s Advocacy Center helps you to stay informed and become a science advocate.
People are eager for the benefits of research, but they may be confused and frustrated by contradictory findings and a lack of definitive answers. Scientists have a responsibility to give their fellow citizens insight into how the process of scientific discovery works. They also need to make the case for why biomedical research is a good investment of tax dollars.
There are many ways to get started advocating for science issues. Here are some ideas.
Six points to keep in mind in any advocacy situation.
The FASEB Annual Funding Report makes recommendations for federal funding levels for NIH, NSF, USDA, the Department of Energy Office of Science, and Veterans Affairs Medical and Prosthetic Program
The Golden Goose Award recognizes scientists whose federally funded research has had significant human and economic benefits.
An explanation from the National Institute of General Medical Sciences on role played by basic research in medical discovery.
District and State factsheets created by FASEB that outline the number of institutions receiving funding, the total amount of funding, and the number of grants received from various federal funding agencies for Congressional districts.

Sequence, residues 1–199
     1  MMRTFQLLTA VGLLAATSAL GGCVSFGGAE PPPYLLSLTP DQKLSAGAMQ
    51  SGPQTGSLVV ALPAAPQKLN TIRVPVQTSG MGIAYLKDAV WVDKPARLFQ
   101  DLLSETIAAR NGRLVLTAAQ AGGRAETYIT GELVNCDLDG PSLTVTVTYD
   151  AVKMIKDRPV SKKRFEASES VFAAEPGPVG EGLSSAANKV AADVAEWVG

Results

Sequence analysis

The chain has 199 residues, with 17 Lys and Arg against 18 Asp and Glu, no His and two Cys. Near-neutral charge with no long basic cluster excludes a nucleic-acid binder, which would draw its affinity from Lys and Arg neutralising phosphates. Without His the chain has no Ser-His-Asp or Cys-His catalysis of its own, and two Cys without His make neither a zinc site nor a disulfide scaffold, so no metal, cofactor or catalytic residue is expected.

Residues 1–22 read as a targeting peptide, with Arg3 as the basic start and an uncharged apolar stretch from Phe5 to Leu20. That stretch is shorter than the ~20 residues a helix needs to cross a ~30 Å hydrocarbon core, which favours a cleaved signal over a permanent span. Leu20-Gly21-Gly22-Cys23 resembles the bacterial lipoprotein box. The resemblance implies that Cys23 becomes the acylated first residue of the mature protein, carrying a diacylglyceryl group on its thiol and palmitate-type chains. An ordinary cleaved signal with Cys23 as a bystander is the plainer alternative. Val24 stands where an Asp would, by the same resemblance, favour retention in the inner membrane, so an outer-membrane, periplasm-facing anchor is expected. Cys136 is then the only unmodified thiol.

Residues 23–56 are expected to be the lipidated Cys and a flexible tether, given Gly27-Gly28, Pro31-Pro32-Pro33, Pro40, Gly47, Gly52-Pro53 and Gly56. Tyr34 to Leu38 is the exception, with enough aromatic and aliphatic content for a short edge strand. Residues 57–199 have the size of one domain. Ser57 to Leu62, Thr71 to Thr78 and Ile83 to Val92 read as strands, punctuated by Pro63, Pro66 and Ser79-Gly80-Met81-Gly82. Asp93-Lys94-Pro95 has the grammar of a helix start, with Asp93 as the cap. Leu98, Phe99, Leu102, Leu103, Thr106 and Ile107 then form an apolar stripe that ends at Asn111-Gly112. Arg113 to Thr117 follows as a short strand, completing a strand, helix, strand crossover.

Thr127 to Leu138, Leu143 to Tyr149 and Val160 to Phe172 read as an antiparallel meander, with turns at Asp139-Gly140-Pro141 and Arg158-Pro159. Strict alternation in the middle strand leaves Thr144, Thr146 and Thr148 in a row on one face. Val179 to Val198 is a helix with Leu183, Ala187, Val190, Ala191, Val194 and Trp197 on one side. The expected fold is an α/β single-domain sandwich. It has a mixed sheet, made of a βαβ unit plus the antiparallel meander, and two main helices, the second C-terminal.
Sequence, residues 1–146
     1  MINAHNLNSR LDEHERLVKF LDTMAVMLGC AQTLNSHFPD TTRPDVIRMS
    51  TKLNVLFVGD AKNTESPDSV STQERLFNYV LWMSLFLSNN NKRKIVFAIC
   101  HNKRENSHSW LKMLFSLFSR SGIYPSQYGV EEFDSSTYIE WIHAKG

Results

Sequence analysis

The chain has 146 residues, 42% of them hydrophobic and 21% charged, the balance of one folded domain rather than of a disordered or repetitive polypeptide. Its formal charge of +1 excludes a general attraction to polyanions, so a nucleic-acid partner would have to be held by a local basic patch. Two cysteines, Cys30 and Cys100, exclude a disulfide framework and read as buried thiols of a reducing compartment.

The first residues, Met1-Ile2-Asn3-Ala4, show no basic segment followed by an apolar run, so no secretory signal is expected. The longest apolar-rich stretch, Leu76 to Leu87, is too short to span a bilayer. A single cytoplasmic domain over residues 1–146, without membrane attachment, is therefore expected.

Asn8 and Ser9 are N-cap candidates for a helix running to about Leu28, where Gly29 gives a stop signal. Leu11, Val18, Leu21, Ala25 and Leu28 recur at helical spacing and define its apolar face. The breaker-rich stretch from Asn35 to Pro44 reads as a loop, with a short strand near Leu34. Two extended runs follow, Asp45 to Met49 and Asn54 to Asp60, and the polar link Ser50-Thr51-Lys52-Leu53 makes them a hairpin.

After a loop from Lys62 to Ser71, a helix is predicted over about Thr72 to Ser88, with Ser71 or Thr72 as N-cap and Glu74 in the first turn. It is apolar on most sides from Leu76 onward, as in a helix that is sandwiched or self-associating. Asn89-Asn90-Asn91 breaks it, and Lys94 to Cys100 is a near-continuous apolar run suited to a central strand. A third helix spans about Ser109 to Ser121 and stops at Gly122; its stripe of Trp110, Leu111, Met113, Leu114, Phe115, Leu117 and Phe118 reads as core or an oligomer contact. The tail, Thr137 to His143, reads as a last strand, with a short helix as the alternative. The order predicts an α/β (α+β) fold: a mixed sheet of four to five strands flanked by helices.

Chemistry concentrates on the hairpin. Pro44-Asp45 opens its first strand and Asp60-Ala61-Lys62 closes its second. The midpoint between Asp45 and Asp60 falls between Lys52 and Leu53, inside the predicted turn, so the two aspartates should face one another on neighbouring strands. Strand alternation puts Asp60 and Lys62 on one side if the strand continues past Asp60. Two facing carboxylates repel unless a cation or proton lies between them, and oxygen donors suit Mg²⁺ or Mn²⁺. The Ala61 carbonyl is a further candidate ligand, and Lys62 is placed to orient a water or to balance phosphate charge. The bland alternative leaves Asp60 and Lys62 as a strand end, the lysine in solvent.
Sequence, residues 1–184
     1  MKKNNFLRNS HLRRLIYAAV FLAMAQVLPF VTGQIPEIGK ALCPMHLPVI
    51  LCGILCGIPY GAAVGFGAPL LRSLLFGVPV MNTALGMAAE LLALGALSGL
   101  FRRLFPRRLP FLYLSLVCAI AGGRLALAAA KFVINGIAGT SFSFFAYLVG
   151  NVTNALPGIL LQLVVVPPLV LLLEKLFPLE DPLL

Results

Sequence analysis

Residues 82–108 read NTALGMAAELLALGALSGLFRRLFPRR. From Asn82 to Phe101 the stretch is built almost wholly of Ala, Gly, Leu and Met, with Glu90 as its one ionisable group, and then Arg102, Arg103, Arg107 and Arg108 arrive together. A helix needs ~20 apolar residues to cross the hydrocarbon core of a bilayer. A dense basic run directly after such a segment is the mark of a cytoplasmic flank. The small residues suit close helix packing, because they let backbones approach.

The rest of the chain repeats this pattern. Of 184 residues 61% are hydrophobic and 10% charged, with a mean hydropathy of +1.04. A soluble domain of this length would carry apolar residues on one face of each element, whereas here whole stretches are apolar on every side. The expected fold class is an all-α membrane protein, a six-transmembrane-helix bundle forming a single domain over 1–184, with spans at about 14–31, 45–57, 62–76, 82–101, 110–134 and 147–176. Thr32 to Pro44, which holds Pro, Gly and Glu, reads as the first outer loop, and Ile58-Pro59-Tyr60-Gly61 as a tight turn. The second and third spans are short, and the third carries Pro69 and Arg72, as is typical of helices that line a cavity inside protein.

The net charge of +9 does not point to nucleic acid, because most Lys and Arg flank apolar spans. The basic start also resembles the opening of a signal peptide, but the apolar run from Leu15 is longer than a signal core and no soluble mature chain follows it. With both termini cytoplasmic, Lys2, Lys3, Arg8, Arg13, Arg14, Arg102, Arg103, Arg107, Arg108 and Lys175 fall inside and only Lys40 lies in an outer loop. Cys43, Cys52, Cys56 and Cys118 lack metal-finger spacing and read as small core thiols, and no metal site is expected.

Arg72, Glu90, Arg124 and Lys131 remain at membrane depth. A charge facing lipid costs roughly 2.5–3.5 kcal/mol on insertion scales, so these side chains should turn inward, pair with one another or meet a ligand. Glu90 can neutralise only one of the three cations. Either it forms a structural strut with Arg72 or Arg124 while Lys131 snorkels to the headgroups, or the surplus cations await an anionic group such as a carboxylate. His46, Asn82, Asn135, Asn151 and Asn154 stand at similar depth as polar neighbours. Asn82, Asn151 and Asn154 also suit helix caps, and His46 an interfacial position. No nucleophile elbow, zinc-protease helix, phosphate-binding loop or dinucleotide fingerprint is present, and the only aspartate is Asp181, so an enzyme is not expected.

Before meeting with Members of Congress or their staff, get some basic facts about them and their district to help you prepare. (Hint: Start by reading the Member’s biography on his/her website.)
Meeting Senators and Representatives either in Washington or back home in the district lets you state your views and start establishing a personal relationship.
If you don’t have the time to set up a meeting, you can simply call the Member’s office to state your views.
Sending an email is an easy and convenient way to contact Members of Congress. (Do not send letters because all Congressional mail is screened off-site and may be delayed significantly.)